Histological pictures were added as figure (figure 6; line 437), thank you for the suggestion.

 

 

At the end, as far as I am concerned, I would use coursive when using latine words as” ex vivo, in situ and so on” , including the title.

Changes were made according to the requested style.

Author Response File: Author Response.docx

Reviewer 2 Report

The research article “Human red blood cells as oxygen carriers to improve 2 ex-situ liver perfusion in a rat model”, by Dondossola and colleagues documents the utility of using human erythrocites to optimize the ex-situ liver perfusion in a rat model. The experimental design is well organized and methodologically correct. It is also respectful of the international guidelines for in vivo research. Very few issues concern

(a) the histological samples: hepatocytes may increase ploidy (diploid, tetraploid, and even octaploid) depending on the age, paraphysiological status and experimental conditions. Do authors observe differences in the hepatocytes over the different 4 groups? 

(b) Could be auspicable that this model is complemented with and further validated by imaging methods.

Minor concerns:

Abstract:

please specify “V02” stands for

Materials and methods:

p 2 line 85: better use suppression than sacrifice

p 4 lines 144-154: are in italic, please change into regular

Fig. 2B: to help the reader, please indicate the view (dorsal view of liver?) and the lobes (by using arrows)

Discussion:

p13 line 400: please delete "on a model of...perfusion", it is quite redundant

Author Response

We thank the reviewer for the helpful comments. Our responses to the points raised and a description of the changes made accordingly are shown below. Comments are typed in bold and responses in regular typeface.

 

The research article “Human red blood cells as oxygen carriers to improve 2 ex-situ liver perfusion in a rat model”, by Dondossola and colleagues documents the utility of using human erythrocites to optimize the ex-situ liver perfusion in a rat model. The experimental design is well organized and methodologically correct. It is also respectful of the international guidelines for in vivo research. Very few issues concern.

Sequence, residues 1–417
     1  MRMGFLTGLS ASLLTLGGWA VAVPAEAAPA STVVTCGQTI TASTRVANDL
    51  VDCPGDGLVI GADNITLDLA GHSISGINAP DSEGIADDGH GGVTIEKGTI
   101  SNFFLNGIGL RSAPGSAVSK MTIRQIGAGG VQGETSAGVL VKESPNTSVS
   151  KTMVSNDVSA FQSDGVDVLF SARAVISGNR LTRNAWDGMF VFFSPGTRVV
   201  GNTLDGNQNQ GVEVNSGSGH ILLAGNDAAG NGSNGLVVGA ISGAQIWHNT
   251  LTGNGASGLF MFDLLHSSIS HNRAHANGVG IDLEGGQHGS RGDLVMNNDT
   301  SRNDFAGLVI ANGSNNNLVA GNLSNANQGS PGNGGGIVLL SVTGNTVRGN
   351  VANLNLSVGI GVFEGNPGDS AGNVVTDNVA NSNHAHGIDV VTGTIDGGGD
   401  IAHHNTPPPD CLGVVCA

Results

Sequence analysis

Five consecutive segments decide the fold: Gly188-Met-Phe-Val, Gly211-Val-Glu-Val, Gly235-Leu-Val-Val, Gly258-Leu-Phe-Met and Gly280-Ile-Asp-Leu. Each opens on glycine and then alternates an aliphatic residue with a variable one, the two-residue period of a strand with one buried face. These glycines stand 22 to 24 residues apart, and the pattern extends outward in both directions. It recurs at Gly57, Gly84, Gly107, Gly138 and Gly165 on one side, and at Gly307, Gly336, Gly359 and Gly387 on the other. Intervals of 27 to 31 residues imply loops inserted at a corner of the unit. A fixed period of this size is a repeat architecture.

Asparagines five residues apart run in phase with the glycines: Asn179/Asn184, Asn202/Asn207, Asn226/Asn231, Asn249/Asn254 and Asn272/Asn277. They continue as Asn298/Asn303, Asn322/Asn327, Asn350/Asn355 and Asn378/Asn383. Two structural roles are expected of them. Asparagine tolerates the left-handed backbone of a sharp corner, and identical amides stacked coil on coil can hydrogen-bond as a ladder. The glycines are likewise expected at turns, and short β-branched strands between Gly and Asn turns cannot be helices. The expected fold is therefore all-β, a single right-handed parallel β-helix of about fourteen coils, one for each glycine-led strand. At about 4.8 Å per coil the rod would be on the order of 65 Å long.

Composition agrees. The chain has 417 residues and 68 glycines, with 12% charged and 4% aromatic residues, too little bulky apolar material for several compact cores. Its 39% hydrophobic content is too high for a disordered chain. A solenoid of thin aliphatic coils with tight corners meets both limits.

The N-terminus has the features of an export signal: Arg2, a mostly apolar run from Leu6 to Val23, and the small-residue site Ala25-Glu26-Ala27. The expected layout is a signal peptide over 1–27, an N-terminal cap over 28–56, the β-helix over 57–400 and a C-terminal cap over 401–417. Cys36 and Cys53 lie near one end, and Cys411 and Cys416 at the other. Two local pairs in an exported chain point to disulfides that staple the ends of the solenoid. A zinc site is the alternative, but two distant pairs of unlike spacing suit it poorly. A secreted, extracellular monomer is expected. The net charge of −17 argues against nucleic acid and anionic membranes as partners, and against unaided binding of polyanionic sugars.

The histological samples: hepatocytes may increase ploidy (diploid, tetraploid, and even octaploid) depending on the age, paraphysiological status and experimental conditions. Do authors observe differences in the hepatocytes over the different 4 groups?

We reviewed the histological samples to identify differences in ploidy. Two different pathologist found only diploid hepatocyte (mean 6.25/HPF), without differences in the four study groups. We added this information in the caption of figure 6 (line 444-445)

 

Could be auspicable that this model is complemented with and further validated by imaging methods.

We added histological pictures to offer a deeper explanation of our results. Unfortunately other imaging techniques (such as MRI or CT) are not available in our preclinical facility, thus it is not possible to add these information to this article. Furthermore, we believe that imaging methods cannot add further evidences to this model. 

 

Abstract: please specify “V02” stands for.

We reviewed this abbreviation (line 40-41)

 

Materials and methods: p 2 line 85: better use suppression than sacrifice

We change sacrifice with suppression (line 109)

p 4 lines 144-154: are in italic, please change into regular

Italic was changed in regular, thank you for the suggestion

2B: to help the reader, please indicate the view (dorsal view of liver?) and the lobes (by using arrows)

We have specified the view of the liver and we named the lobes (line 258-260).

 

Discussion: p13 line 400: please delete "on a model of...perfusion", it is quite redundant

We reviewed the discussions (line 507).

Author Response File: Author Response.docx

Back to TopTop